Business as usual... almost!

Updated: Oct 03, 2019, 08:30 IST | Harit N Joshi

Lodha Committee recommendations for state associations are being flaunted left, right and centre, so how has the July 18, 2016 Supreme Court order change cricket administration in India?

Jaydev Shah, son of Niranjan Shah, was elected as Saurashtra Cricket Association's top boss
Jaydev Shah, son of Niranjan Shah, was elected as Saurashtra Cricket Association's top boss

For 38 months the state cricket associations defied the landmark Supreme Court judgment of July 18, 2016, to bring in reforms recommended by Justice Lodha Committee. The wait is finally coming to an end, as by October 4, all state cricket associations of the BCCI would have fallen in line and be 'fully compliant' to the new constitution, as per the various judgments from the apex court.

Soon, cricket will again be back in the hands of the elected members, both at the state and BCCI levels, after the impasse to amend the constitution as per the Supreme Court order continued for three years. However, is change actually taking place in state associations? A major portion of the Justice Lodha Committee reforms was probably diluted when the SC order on September 20 stated that the disqualification rule was only applicable to office-bearers in state associations.

CoA clarification

This has led to several interpretations between the SC-appointed Committee of Administrators (CoA) and state units. While the Supreme Court did not agree to issue any clarification on their last order, the CoA issued an advisory following the September 20 order. "The relaxation is that the nine-year period mentioned in the said rules is to be computed by taking into account only the period served by individuals as "Office Bearers" cumulatively [without adding or taking into account the period served in any other position such as Member of a Governing Council or Managing Committee, etc.]," it stated.

All other disqualification rules remain in full force as per the CoA directive on September 24. Despite this, most state units have willfully ignored the rules laid down. Tamil Nadu Cricket Association (TNCA), for example, have 21 diversions in their constitution, according to the CoA. The most blatant violation is to elect two vice-presidents whereas the provision is only for one.

Issues in MP

The Madhya Pradesh Cricket Association (MPCA) have ignored the 70 age criteria after the electoral officer declared nominations of Ashok Jagdale,73, and Narendra Menon,73, eligible to contest. Yesterday's MPCA Annual General Meeting did not even nominate anyone to be their BCCI representative. The meeting was concluded without appointing nominee of State Accountant General in Apex Council and appointment of ombudsman and ethics officer as per the constitution rules.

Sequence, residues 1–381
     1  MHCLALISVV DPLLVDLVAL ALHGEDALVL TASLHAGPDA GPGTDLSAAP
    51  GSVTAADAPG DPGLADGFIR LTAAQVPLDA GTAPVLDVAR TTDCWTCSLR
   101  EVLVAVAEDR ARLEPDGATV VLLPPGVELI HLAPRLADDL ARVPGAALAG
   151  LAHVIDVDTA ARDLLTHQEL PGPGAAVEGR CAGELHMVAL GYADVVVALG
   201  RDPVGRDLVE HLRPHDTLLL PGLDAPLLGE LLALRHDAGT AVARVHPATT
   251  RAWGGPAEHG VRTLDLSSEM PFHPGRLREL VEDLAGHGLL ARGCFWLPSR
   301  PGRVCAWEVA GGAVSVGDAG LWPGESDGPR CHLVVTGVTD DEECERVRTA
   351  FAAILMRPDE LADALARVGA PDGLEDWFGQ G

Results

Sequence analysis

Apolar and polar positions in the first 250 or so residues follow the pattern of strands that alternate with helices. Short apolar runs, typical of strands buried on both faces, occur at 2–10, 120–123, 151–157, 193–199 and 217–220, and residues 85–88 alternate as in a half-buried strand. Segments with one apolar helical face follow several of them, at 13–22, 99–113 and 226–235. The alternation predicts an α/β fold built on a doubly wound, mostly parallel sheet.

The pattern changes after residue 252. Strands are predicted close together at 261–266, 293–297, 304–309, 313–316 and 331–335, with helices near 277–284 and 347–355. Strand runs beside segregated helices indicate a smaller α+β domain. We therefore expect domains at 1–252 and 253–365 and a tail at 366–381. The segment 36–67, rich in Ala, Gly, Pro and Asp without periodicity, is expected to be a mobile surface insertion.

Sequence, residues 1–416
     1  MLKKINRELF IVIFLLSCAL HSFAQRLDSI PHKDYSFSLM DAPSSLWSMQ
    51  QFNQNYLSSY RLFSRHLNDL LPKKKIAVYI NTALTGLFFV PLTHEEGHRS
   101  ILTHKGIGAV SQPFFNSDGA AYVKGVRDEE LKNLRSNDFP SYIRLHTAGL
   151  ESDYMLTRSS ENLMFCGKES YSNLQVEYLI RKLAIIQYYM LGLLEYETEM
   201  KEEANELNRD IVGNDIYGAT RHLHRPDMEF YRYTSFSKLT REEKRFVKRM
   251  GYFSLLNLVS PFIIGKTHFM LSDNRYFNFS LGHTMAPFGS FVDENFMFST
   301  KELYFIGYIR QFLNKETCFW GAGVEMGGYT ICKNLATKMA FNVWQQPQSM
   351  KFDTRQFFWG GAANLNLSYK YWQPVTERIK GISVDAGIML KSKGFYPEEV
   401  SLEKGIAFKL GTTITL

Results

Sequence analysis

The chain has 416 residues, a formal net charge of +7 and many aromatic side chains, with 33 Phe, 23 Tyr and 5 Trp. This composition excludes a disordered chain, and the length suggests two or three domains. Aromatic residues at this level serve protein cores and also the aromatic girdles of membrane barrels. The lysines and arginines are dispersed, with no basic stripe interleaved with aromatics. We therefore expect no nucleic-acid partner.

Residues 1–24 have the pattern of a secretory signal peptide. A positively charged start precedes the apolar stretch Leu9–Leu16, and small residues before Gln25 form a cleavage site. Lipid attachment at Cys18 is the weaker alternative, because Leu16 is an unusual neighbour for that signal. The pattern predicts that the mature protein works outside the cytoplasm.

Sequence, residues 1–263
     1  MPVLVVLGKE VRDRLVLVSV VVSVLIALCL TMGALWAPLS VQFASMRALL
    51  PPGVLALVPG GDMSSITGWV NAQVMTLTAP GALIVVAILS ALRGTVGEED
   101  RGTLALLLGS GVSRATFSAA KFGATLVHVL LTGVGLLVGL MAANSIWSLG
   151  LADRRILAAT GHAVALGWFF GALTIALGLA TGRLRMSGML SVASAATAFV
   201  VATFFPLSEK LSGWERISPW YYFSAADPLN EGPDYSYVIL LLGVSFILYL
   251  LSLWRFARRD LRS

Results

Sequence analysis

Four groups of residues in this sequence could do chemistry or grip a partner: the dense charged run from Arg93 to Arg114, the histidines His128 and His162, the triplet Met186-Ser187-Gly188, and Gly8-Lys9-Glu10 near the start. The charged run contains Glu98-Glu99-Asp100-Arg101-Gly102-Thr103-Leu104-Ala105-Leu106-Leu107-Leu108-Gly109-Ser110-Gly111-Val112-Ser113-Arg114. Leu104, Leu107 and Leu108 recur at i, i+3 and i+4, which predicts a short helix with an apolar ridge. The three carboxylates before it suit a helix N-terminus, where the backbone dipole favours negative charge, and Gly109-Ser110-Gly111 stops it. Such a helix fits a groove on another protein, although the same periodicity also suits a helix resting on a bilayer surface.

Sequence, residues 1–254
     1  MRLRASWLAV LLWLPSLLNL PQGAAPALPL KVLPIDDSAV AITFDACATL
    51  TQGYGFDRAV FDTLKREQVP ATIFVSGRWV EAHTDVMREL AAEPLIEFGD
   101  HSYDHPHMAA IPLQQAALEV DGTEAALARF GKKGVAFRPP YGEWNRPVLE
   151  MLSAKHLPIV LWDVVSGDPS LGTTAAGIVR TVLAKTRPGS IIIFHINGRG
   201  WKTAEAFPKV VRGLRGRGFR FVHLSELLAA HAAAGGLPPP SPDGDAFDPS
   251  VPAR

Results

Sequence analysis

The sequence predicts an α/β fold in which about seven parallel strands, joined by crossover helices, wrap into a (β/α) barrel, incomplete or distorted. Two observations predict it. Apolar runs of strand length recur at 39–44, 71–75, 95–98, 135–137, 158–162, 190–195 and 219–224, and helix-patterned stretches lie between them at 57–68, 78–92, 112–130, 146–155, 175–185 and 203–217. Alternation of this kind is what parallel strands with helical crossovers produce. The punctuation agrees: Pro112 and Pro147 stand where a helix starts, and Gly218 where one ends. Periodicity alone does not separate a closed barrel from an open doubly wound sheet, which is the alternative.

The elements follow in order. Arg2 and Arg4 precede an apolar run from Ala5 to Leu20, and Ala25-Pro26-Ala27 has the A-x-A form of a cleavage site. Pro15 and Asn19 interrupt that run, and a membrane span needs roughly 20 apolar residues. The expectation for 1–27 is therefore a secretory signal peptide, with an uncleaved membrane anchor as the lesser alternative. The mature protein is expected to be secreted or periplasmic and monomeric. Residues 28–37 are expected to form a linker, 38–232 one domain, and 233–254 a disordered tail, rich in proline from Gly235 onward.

Tainted Ashirbad Behera, the former Odisha Cricket Association secretary, voted for his son Sanjay from prison when a chargesheeted person cannot be a part of any state and BCCI processes as per the new constitution. In Gujarat Cricket Association, Dhanraj Nathwani was elected as vice-president despite being the president of the Gujarat State Football Association. As per the new constitution, the person filing nomination for election, "must not hold any office or post in a sports or athletic association or federation apart from cricket."

Primary aim

The primary aim of the Justice Lodha Committee was to ensure that cricket administration is not personal fiefdom or inheritance business as has been the case all these years. The clean-up act recommended was largely directed towards state associations where Justice Lodha Committee found ample mismanagement and irregularities. To have a clean BCCI, it was important to ensure that the state associations were in proper order.

What has followed instead is sons, daughter and relatives being elected for coveted posts which will help them control of the associations. So, N Srinivasan will maintain his clout through daughter Rupa Gurunath in TNCA.

All in the family

Niranjan Shah will have his son Jaydev, the former Saurashtra captain, to manage the state body affairs. Anurag Thakur's younger brother Aurn was elected as Himachal Pradesh Cricket Association's new boss. So much for the spirit of the Supreme Court order.

While the CoA has refused to look into the conduct of the elections for each state associations as that is the job of the state electoral officer, the three-member panel yesterday clarified that, "Only compliant members of the BCCI as determined by the Committee of Administrators, in accordance with the Hon'ble Supreme Court judgment dated 9th August, 2018 read with the Hon'ble Supreme Court order dated 20th September, 2019, shall be permitted to participate in the General Body Meeting."

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